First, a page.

OK, OK, I’ll play (I guess you can call this entry the final straw, although I wasn’t “tagged” by it, so this is kind of a bastard-child in terms of meme lineage):
Total number of books owned:
No idea. At least 2000. Possibly double that, counting boxes of books in the basement. Would be a multiple of that again if I hadn’t purged my author copies and editor copies of every book I was ever personally involved in a few years back with the help / at the insistence of b.
Last book bought:
Paperback of John Coltrane: His Life and Music by Lewis Porter, on the recommendation of xourmas, who says the way we’ve been studying music theory together and learning to play has some parallels in Coltrane’s own history.
Last book read:
Does re-reading count? If so, put me down for Patrick O’Brian’s Aubrey / Maturin series, which I’ve just re-read for the umpteenth time. If not, Up from Conservatism by Michael Lind. It’s now a tad out-of-date, and Lind is still more conservative than I have, but turncoats make the best informants.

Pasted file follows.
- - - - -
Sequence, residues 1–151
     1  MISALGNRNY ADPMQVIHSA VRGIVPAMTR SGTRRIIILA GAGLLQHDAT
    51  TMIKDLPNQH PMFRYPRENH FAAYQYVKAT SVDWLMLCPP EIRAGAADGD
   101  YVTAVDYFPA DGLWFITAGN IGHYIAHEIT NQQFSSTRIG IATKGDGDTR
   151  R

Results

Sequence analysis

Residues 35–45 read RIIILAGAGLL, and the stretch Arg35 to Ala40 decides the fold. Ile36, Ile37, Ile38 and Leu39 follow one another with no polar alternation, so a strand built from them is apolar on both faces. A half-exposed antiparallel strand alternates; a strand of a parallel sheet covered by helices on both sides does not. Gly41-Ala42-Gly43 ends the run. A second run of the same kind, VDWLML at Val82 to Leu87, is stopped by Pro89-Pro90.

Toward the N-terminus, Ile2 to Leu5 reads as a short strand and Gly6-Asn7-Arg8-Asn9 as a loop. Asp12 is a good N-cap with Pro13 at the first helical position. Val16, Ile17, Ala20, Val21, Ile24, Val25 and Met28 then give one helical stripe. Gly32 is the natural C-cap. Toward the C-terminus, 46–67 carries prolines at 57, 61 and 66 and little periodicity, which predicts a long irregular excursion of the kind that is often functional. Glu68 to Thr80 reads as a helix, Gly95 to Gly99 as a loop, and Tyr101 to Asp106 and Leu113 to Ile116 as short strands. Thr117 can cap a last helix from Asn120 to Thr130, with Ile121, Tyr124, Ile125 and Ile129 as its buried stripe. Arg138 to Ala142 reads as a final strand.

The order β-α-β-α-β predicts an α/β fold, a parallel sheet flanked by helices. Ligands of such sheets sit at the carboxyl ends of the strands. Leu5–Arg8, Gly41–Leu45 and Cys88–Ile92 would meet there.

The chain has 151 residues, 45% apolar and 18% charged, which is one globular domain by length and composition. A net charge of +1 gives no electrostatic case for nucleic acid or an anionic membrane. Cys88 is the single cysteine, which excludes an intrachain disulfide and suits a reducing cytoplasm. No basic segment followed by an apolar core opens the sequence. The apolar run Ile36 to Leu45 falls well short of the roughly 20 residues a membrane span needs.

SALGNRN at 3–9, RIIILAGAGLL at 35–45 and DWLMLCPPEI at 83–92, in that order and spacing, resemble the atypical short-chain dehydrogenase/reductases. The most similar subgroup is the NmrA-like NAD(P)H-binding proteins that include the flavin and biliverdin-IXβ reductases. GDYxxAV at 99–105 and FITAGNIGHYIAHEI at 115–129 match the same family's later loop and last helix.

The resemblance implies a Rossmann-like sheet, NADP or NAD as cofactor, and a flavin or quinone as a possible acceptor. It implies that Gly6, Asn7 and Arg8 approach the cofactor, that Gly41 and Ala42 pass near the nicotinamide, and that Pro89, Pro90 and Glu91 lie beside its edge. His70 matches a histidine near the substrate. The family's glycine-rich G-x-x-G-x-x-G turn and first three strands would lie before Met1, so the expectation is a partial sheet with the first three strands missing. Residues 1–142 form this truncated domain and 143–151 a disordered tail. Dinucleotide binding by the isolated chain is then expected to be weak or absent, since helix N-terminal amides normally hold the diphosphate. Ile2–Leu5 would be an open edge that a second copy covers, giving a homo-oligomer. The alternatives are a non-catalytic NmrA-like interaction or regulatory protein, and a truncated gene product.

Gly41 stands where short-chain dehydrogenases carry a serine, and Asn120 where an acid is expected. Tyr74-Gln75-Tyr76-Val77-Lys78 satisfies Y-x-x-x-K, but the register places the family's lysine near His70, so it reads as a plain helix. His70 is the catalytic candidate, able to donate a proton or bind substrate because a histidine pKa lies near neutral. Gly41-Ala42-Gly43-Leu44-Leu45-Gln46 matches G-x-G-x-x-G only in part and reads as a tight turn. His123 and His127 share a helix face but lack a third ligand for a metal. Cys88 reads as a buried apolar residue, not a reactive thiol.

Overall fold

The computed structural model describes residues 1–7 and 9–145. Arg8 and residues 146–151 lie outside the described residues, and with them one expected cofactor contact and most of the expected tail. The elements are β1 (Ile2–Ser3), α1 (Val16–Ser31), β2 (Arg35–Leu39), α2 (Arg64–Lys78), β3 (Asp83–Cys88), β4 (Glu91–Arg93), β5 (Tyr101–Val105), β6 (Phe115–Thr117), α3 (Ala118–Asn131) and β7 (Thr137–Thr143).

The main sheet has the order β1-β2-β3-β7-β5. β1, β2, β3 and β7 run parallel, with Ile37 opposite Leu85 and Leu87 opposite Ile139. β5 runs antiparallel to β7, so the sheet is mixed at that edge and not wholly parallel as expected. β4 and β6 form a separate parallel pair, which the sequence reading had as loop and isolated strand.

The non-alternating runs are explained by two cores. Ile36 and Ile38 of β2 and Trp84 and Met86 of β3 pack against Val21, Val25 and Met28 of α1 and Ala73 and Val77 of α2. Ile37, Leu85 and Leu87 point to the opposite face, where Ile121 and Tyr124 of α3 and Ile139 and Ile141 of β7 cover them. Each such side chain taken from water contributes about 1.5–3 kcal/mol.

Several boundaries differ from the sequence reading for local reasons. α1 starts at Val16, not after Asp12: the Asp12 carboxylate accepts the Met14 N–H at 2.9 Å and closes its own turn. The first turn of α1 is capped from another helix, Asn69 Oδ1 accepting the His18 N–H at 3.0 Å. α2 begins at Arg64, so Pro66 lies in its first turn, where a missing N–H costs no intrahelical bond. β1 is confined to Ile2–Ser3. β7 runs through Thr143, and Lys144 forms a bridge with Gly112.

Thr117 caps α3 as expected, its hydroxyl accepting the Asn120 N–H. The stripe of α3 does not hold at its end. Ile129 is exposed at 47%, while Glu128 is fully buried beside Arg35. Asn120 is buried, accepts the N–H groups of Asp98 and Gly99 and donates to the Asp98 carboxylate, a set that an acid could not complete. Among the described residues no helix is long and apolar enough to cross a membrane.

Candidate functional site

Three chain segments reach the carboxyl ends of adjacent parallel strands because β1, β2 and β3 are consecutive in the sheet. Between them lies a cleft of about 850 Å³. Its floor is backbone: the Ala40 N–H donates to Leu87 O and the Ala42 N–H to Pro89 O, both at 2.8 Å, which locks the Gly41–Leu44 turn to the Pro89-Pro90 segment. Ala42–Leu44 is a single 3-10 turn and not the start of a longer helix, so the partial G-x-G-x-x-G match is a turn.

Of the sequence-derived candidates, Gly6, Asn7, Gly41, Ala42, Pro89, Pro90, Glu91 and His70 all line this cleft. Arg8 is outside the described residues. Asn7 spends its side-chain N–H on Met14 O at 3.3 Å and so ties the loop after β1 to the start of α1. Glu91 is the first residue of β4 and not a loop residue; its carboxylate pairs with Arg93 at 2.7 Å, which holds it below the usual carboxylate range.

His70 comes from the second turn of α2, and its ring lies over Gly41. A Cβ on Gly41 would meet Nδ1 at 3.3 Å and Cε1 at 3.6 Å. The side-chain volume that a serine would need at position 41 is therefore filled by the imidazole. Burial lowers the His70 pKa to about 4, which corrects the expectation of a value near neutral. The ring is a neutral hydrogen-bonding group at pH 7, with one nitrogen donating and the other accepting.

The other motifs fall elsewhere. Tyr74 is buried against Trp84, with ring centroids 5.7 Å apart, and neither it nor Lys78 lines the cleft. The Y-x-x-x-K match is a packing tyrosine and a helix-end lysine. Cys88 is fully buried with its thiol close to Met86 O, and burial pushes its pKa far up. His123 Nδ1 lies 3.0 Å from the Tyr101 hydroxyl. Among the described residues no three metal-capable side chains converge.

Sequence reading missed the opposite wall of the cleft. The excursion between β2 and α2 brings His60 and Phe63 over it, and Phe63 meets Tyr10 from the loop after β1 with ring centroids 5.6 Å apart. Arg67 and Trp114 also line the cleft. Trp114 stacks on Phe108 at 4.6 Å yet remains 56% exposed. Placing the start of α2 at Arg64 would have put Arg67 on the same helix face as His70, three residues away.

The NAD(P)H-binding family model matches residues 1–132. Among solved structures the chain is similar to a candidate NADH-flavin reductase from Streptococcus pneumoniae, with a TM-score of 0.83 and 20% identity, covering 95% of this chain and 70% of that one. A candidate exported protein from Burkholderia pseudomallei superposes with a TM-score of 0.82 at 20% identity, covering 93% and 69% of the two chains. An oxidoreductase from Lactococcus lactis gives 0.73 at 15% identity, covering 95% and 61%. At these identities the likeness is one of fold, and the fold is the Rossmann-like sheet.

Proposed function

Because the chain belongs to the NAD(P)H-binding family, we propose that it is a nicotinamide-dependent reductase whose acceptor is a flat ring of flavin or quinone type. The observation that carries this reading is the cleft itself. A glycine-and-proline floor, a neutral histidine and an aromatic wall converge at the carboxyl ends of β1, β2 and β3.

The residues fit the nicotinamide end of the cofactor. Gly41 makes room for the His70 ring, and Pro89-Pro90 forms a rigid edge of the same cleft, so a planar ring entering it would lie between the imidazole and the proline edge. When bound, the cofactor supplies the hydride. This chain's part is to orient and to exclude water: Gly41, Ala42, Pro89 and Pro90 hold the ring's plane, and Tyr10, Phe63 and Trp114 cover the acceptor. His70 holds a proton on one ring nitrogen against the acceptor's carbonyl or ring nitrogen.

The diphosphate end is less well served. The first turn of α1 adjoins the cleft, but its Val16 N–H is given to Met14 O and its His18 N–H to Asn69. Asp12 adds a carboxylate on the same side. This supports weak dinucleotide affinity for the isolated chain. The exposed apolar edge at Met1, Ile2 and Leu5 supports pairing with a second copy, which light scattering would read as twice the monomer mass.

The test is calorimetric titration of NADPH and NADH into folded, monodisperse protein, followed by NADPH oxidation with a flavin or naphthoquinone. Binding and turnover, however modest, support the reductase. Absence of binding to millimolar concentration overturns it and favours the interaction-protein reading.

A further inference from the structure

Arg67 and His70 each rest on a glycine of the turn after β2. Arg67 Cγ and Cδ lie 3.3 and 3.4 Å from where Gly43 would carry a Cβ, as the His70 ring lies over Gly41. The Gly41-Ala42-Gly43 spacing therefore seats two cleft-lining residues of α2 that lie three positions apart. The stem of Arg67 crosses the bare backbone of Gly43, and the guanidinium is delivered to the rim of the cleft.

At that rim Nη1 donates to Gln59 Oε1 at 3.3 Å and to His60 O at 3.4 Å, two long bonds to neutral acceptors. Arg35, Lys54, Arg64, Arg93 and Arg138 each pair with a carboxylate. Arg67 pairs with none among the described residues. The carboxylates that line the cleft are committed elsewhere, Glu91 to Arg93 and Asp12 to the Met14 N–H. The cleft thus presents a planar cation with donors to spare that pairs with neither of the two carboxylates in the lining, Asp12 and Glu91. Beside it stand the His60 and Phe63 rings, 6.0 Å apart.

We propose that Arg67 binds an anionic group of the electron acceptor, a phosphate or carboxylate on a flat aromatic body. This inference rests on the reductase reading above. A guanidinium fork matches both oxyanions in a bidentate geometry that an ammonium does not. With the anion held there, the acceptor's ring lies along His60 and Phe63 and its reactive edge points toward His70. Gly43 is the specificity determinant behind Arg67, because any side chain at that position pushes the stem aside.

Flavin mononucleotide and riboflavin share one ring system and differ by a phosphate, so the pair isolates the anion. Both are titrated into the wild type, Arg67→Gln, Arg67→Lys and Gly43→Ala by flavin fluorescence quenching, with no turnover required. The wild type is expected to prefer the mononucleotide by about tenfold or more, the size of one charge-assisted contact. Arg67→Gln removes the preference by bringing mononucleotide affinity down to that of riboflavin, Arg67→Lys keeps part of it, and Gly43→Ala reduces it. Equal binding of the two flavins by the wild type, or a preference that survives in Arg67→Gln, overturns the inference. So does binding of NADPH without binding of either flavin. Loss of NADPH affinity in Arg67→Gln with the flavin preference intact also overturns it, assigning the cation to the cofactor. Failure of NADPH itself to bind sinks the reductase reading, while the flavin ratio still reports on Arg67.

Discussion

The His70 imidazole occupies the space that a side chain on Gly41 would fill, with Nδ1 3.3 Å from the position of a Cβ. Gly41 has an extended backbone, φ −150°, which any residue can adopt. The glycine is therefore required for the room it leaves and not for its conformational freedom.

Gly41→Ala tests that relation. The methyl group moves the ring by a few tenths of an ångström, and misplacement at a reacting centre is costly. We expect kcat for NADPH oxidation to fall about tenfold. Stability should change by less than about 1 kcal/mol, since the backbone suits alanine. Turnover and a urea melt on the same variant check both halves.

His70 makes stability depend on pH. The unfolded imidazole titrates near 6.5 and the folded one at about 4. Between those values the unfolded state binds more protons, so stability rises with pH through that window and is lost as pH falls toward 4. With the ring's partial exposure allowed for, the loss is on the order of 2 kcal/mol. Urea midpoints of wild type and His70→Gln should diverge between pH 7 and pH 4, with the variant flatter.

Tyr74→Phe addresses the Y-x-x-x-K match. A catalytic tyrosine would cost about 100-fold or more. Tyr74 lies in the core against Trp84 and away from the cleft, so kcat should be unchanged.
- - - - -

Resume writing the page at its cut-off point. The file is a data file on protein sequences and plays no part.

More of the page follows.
Five books that mean a lot to you:
- The Truelove by Patrick O’Brian. One of my favorites from that series.
- Money and the Meaning of Life by Jacob Needleman. A philosopher takes a hard look at what money really is and what it means and why it matters. I’m probably overdue to read this again.
- Creatures of Light and Darkness by Roger Zelazny. One of his space-future reinterpretations of mythology, in this case Egyptian.
- Night Soldiers by Alan Furst. I love all of his books but this first one in the series sets the stage for the rest and begins the series of subtle interlinkings that connect them all.
- Invitation to a Beheading by Vladimir Nabokov. Again, this stands for many, but is definitely my favorite among them all. Conjures up mid 20th century totalitarianism and manages to weave together an intertwined take on literature and spirituality, at least the way I read it. Postmodern without being annoying.
Tag five people to continue this meme: